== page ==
big push into the corporate security space took a big hit over the weekend when hackers broke into its corporate network and stole chunks of the source code for the popular IOS operating system.
Cisco spokesman Jim Brady confirmed the launch of an investigation into the network breach but declined details on what was stolen. "Cisco is aware that a potential compromise of its proprietary information occurred...Based on preliminary data, we don't believe any confidential customer information or financial systems were affected," he told internetnews.com
The Cisco response came after a Russian security Web site reported that hackers broke into the switching and routing giant's network and stole 800MB of source code for IOS 12.3 and 12.3t. Samples of the code were reportedly posted on an underground IRC channel as proof of the breach.
The company declined comment on the specifics of the breach until its security unit completes an investigation. "It appears that this occurrence was not the result of any exploitation or a vulnerability of any product or service offered by Cisco," Brady said. "[We do not believe] it was the result of any malicious action by any Cisco employee or contractor."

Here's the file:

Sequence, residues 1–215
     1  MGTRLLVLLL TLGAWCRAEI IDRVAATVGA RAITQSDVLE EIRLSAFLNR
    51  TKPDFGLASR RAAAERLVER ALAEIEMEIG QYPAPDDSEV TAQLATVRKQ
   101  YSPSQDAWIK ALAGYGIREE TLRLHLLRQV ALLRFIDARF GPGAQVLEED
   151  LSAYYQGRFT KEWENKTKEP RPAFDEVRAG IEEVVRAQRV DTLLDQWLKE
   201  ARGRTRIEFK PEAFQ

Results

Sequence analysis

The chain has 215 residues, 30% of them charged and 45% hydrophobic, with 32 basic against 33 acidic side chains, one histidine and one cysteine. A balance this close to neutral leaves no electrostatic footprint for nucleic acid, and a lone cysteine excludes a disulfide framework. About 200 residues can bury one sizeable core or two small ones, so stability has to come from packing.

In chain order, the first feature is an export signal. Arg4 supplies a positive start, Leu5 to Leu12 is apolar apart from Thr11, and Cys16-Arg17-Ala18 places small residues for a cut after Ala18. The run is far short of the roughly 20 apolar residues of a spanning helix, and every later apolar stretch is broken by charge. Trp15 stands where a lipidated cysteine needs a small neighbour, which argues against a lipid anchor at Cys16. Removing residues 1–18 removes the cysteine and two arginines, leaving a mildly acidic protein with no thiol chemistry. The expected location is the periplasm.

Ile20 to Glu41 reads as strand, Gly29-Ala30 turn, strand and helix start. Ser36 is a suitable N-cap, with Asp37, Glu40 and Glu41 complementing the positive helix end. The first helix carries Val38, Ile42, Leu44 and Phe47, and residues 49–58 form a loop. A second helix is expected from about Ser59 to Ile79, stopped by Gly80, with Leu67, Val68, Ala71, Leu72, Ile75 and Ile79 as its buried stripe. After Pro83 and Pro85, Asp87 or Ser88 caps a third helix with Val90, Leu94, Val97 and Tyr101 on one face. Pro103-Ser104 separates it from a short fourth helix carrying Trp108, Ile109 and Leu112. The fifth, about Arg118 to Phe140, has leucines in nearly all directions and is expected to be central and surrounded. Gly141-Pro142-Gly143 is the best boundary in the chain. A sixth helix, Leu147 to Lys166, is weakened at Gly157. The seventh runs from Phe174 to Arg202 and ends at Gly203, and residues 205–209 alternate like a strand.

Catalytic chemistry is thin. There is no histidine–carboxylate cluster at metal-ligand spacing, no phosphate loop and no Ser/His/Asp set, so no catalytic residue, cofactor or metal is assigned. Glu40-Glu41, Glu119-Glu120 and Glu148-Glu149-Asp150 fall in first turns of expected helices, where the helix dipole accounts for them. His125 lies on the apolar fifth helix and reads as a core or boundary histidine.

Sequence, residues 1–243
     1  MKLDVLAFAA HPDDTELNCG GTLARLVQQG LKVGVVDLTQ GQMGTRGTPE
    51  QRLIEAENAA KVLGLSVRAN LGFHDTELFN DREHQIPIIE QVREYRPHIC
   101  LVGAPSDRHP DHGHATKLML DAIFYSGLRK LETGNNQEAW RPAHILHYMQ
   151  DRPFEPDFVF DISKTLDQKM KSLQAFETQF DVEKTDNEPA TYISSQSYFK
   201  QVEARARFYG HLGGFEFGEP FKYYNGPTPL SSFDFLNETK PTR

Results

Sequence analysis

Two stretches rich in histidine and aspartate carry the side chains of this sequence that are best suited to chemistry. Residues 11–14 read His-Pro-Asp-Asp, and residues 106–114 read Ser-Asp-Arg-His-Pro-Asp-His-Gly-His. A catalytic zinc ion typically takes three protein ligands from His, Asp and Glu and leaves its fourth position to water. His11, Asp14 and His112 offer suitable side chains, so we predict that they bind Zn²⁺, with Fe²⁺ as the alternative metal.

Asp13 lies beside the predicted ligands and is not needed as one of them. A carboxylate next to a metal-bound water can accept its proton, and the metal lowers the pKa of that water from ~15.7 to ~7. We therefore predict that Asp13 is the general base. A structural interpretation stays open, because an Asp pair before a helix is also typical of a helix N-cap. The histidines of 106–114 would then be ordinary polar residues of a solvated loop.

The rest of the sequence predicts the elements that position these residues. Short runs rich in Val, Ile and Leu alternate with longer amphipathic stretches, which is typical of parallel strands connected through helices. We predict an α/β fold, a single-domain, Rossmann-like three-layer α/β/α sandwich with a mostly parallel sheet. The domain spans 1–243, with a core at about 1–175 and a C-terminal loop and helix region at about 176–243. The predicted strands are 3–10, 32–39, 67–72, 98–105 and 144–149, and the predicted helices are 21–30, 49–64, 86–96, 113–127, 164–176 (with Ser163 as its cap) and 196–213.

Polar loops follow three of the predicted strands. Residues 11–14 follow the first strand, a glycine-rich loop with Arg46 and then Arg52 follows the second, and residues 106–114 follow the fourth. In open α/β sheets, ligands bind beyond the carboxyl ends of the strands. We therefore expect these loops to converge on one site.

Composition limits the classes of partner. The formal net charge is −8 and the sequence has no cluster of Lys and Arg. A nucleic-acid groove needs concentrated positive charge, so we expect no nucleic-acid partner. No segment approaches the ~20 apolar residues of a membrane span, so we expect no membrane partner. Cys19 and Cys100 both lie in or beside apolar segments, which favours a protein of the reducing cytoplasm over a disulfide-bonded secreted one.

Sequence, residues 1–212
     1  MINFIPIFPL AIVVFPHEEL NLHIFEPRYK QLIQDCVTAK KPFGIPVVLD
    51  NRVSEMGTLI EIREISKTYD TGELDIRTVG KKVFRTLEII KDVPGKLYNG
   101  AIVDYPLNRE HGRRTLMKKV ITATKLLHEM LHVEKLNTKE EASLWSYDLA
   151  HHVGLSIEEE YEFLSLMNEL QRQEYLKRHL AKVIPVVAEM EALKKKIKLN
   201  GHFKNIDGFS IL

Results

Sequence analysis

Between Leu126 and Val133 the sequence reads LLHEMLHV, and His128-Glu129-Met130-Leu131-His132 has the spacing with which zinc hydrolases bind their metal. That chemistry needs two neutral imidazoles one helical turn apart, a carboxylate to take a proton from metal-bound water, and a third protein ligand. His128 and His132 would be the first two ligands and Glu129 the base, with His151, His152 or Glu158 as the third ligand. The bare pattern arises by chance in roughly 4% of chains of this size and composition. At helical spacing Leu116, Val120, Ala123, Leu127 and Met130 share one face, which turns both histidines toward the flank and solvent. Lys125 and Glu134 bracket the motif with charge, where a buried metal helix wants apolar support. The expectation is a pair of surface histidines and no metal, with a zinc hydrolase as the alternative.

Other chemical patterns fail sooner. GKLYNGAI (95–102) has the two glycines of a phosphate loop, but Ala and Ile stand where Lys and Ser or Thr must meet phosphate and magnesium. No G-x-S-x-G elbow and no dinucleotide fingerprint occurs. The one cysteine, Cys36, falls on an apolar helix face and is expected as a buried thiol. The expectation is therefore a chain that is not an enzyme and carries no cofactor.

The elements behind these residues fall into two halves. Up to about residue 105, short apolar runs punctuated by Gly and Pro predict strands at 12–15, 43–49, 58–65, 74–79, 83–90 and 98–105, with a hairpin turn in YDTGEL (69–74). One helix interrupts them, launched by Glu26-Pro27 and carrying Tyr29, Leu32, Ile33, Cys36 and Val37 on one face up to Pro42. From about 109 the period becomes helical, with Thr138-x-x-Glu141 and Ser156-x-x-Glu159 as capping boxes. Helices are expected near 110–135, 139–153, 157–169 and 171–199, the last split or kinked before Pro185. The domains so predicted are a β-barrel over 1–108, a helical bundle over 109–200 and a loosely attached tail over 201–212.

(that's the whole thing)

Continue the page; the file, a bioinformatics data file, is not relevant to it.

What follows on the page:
Asked if news of the breach could put a damper on the company's well-documented integrated security push, Brady made it clear the network hack was not the result of a software or product flaw.
Still, it comes at a crucial time for the San Jose, Calif.-based firm which dominates the market for network and switching equipment. In recent months, Cisco has been on a shopping spree for companies in the security business, scoring deals to acquire Riverhead Networks and Twingo Systems.
The company also rolled out a new "self-defending network" strategy that included the launch of security hardware and software.
Now, with portions of its latest IOS source code in the hands of malicious hackers, there is a legitimate fear that exploits could surface to attack Cisco products.
Cisco is not the only big-name software firm that has dealt with leaked source code this year. In February, portions of code for Microsoft's Windows 2000 and NT operating systems were illegally posted on the Internet.